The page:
Simple complex number question

1. Oct 29, 2008

Crosshash

1. The problem statement, all variables and given/known data
3. Write down the (x+iy) form for the complex numbers with the following modulus and argument (in radians):
(a) Modulus 1, argument pi
(b) Modulus 3, argument -pi/3
(c)Modulus 7, argument -4

2. Relevant equations
Modulus = ((a)^2 + (b)^2)^1/2
Arg = the angle

3. The attempt at a solution
I'm basically just checking to see if i've got the right method.

(a)If Modulus = 1 and the argument = pi, then that would mean the angle is theta = 0. The only way to achieve this would to be if the imaginary part = 0, so the answer is:
1+0i or just 1

(b)This is where I start to get confused. If the argument = -pi/3 then I can use pythagoras to find the adjacent and hypoteneuse.
In this case:
cos(-120)*3 = a
a = -3/2

sin(-120)*3 = b
b = -3((3)^1/2)/2

This works since ((a)^2 + (b)^2)^1/2 does give me 3 in this case

(c)Modulus 7, Argument is -4, which gives me an angle of (-229.183'). So I can do the same again.

cos(-229.183)*7 = a
a = -6.918

sin(-229.183)*7 = b
b = -1.067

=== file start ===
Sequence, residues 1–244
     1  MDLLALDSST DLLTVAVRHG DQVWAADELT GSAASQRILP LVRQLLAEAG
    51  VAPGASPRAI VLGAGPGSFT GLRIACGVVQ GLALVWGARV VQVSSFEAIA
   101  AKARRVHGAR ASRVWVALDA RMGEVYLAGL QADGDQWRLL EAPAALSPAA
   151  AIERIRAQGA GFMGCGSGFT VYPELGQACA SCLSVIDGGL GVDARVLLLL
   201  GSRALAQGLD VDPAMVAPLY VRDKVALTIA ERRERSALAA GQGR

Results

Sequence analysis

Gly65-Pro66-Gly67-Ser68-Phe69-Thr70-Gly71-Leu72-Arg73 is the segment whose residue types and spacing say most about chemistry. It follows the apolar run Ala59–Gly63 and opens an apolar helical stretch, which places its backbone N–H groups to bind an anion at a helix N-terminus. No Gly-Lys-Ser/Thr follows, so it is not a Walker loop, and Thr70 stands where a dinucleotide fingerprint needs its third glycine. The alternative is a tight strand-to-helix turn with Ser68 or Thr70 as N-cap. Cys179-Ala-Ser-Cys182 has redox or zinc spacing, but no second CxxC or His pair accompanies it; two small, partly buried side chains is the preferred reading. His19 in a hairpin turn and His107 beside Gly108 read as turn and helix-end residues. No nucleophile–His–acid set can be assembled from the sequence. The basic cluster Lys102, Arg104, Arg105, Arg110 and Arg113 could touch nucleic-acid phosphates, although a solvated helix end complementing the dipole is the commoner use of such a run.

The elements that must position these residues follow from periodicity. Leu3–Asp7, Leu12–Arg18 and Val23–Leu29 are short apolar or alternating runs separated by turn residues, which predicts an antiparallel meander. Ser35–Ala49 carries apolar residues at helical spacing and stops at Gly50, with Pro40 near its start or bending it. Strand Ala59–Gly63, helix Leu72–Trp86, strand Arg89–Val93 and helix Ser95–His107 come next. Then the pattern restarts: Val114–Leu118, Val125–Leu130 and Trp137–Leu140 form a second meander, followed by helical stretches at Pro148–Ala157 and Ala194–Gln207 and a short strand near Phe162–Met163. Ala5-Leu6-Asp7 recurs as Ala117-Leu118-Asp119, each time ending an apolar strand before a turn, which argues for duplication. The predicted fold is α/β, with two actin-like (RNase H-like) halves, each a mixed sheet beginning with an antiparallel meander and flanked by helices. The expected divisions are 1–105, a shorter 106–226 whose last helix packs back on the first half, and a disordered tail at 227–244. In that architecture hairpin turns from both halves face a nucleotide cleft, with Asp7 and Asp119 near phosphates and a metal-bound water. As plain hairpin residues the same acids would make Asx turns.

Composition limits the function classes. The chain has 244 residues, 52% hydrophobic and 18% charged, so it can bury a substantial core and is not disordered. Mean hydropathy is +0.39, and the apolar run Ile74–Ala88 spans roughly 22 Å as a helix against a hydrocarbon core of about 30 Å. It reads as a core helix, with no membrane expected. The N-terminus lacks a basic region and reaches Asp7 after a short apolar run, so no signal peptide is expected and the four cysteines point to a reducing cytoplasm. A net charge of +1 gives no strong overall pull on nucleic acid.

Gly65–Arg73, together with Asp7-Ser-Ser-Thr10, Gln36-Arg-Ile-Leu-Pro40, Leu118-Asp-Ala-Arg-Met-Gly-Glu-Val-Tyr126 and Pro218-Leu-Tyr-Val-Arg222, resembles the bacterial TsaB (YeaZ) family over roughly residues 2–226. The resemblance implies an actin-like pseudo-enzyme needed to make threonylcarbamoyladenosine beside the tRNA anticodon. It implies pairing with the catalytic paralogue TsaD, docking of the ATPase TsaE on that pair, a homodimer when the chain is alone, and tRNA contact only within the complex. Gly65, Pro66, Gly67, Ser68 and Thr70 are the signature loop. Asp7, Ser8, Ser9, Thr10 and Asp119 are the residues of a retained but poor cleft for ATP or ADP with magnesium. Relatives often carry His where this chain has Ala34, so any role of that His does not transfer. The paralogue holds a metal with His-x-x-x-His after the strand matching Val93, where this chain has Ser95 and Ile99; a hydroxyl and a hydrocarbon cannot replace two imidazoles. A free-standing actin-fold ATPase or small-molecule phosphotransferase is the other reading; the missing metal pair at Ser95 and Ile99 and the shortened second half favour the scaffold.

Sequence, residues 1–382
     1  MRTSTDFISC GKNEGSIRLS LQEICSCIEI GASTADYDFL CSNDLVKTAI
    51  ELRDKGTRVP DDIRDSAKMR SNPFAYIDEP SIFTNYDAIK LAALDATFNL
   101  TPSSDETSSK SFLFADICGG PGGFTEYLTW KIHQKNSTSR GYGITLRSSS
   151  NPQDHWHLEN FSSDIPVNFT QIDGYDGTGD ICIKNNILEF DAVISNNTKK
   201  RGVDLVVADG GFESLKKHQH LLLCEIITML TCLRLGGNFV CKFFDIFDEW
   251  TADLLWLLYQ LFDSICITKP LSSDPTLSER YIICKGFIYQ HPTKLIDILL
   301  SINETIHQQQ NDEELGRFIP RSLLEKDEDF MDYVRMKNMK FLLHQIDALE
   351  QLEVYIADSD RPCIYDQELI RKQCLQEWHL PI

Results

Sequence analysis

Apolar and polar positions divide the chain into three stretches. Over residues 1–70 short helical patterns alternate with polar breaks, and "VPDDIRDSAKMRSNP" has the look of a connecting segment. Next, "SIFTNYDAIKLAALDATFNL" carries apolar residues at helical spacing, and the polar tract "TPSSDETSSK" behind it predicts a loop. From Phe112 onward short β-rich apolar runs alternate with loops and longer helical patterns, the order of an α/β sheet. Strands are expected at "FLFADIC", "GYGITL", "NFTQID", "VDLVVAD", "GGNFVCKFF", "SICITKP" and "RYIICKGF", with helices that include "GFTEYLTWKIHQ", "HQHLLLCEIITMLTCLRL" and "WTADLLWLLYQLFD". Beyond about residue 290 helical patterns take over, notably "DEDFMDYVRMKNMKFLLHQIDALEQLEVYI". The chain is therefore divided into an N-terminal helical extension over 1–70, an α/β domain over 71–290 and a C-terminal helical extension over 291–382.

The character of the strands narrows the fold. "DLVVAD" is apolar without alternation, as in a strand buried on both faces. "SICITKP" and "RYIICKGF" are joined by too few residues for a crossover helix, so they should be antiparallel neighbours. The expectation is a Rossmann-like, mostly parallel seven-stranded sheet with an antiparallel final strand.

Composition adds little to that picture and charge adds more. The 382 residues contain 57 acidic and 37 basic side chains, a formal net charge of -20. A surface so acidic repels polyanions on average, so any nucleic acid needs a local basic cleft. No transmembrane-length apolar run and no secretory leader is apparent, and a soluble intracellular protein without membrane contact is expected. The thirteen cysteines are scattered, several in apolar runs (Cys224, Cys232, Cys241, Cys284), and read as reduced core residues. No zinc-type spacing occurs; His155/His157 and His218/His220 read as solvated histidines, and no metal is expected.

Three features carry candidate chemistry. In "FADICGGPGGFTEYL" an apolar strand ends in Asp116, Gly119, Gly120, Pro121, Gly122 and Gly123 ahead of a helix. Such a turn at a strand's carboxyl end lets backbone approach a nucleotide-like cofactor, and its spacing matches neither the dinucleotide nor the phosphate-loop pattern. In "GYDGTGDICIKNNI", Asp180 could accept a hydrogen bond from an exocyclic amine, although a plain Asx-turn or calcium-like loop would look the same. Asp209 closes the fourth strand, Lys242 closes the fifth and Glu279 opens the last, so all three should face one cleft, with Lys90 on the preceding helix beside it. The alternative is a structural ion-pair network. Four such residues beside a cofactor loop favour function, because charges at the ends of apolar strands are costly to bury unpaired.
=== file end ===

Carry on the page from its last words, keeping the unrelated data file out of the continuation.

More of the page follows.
This once again seems to work, so my answerwould be something like -6.918 + -1.067i

I was wanting to check if this is all correct or if i've done the question completely wrong.

Thanks alot

2. Oct 29, 2008

Staff: Mentor

For a) arg(1 + 0i) = 0, not pi, so 1 + 0i is not correct.

For b) your answer looks correct. An arg of -pi/3 puts the complex number in the 3rd quadrant, so both the Re part and the Im part will have negative values.

For c) your Re value is close (to get closer, use more decimal place precision in your conversion from radians to degrees) but the Im value has the wrong sign. An arg of -4 puts the complex number in the 2nd quadrant. -pi > -4 > -3pi/2, where '>' signifies "is less negative than"